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Mary Schapiro Gets Tougher Treatment Regarding SEC Funding Boost

WASHINGTON— Securities and Exchange Commission Chairman Mary Schapiro defended the large budget increase sought by her agency in a hearing Thursday as she girded for tougher questioning from House Republicans later in the day on the SEC's performance and her handling of a former SEC general counsel whose mother bank rolled her money with Bernard Madoff.

Ms. Schapiro, who is engaged in a battle with congressional Republicans who are after deep funding cuts for her agency, declared a series of improvements under her watch to assert that the agency was on an upward path after an array of wrong moves, including failure to detect Mr. Maddoff’s huge fraud.

She contended the agency was at "an especially critical juncture" and there are new duties coming from the Dodd-Frank law "will require significant additional resources or a substantial reduction in the performance of our core duties," in prepared testimony before a U.S. Senate panel.

It wasn’t asked in the hearing about the amplifying contention by the way she dealt with former SEC General Counsel David Becker, who is confronting a "clawback" suit from the trustee accused with liquidating assets from Madoff's firm. Those queries are bound to come from House Republicans some of whom have debated Ms. Schapiro mishandled the matter.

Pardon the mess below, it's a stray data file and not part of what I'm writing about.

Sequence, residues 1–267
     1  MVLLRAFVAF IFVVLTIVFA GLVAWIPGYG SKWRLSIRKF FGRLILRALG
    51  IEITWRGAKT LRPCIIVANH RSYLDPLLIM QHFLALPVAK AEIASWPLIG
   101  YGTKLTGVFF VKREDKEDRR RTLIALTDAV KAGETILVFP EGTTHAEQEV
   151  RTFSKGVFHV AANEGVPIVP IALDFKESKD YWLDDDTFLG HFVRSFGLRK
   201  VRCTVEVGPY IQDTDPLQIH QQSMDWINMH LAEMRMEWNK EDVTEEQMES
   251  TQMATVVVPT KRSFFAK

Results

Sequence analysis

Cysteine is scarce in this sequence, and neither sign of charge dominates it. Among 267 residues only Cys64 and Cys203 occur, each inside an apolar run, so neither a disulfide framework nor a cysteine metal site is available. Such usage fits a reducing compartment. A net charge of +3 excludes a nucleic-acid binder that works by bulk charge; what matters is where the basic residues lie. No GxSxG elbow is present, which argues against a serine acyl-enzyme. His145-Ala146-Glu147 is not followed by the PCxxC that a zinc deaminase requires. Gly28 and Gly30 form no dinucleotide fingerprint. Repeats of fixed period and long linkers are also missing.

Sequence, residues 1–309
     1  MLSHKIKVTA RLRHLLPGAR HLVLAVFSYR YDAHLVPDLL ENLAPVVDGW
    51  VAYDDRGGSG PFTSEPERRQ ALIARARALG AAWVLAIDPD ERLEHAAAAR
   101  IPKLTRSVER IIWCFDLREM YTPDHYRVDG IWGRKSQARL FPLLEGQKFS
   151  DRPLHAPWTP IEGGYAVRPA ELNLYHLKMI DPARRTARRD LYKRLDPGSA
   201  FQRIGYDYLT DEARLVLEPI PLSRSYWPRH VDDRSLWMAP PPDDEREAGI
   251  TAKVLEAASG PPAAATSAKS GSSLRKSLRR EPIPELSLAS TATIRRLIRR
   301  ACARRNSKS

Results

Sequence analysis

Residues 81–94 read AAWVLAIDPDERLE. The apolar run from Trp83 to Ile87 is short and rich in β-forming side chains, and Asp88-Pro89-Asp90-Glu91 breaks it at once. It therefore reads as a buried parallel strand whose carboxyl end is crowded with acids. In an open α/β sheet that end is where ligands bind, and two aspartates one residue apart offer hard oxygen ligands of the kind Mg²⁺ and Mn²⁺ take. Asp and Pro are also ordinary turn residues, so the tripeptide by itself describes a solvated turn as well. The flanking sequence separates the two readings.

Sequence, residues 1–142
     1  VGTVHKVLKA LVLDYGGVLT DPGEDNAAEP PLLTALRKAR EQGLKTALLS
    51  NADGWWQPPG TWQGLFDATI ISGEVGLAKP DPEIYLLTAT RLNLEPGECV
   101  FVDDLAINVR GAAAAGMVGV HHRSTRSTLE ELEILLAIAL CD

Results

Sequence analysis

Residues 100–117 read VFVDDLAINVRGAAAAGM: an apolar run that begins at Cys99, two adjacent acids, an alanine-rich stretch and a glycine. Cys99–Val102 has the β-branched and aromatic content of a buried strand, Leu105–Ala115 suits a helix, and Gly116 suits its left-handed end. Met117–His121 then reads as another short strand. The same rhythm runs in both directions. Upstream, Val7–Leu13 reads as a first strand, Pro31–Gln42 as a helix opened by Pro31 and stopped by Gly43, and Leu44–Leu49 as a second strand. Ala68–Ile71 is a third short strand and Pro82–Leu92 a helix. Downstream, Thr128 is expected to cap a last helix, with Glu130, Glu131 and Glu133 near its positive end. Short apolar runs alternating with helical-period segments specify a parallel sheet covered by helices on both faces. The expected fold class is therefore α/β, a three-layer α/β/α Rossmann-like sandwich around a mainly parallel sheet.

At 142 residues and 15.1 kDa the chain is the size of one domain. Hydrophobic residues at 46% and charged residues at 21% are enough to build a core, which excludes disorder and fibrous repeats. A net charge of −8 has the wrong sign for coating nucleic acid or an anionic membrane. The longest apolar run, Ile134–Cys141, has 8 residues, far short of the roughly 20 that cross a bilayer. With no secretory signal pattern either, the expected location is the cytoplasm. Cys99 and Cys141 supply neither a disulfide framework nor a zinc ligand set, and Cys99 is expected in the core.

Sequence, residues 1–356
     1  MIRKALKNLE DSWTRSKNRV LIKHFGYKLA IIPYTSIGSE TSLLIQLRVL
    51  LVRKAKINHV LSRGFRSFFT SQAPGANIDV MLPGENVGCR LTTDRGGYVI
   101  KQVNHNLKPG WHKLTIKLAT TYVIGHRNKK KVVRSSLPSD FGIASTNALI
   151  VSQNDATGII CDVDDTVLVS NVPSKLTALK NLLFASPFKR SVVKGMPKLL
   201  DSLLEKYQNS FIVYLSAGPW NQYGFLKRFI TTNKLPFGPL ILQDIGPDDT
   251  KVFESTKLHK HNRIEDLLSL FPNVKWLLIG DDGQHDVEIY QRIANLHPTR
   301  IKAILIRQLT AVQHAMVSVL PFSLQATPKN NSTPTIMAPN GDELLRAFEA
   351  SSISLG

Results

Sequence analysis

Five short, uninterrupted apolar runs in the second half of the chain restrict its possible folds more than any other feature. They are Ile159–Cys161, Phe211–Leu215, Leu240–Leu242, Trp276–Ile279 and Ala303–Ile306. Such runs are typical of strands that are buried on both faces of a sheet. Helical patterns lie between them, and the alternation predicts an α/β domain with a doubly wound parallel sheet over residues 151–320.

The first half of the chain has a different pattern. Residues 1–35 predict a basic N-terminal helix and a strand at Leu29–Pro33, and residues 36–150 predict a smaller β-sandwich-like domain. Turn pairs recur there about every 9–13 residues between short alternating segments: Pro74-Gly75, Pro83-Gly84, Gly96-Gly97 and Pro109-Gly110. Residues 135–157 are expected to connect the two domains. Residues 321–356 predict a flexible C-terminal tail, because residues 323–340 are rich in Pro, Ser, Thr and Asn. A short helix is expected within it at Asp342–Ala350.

Sen. Jack Reed (D., R. I.) explained to reporters, after the hearing, that the matter "deserves thorough investigation and, to her credit, Chairman Schapiro has asked for that investigation."

Replying to a reporter’s query, Mr. Reed claimed the issue of whether other SEC commissioners were notified about Mr. Becker’s inheritance of money involved in the Madoff fraud "are absolutely important questions and they have to be done quickly and publicly so the information gets out."

Nearly $1.4 billion in funding for the SEC in 2012 is what the Obama administration was after, an increase of $264 million from levels allowed for 2010, the last year of full funding. The financial increase will let the SEC to hire more than 600 new full-time staff the agency insists it needs to execute new powers to police large hedge funds, derivatives, dealers, and credit raters that it acquired in from the Dodd-Frank law.

Ms. Schapiro confronted moderate interrogation from the lone Republican on the panel, who said he acknowledged that insubstantial budgets in the past had "not allowed the SEC to effectively and aggressively do its job." However, he was "one of those who would like to see Dodd-Frank slowed down," he added.

Ms. Schapiro will get rougher treatment from House Republicans on the next hearing, who are likely to raise an array of current embarrassments for the agency to dispute that it requires to revamp its management and operations more than it requires boosted funding.